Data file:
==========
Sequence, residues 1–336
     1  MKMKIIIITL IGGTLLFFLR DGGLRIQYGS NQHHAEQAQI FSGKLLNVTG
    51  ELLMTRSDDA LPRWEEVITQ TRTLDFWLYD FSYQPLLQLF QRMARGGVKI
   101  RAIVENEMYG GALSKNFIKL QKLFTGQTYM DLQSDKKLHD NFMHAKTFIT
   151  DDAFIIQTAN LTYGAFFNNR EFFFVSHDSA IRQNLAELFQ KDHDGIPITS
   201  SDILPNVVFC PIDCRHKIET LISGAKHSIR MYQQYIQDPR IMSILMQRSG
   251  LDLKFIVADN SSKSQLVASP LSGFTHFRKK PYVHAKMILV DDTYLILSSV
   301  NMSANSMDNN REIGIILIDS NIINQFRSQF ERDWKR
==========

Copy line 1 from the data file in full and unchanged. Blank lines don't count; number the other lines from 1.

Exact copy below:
Sequence, residues 1–336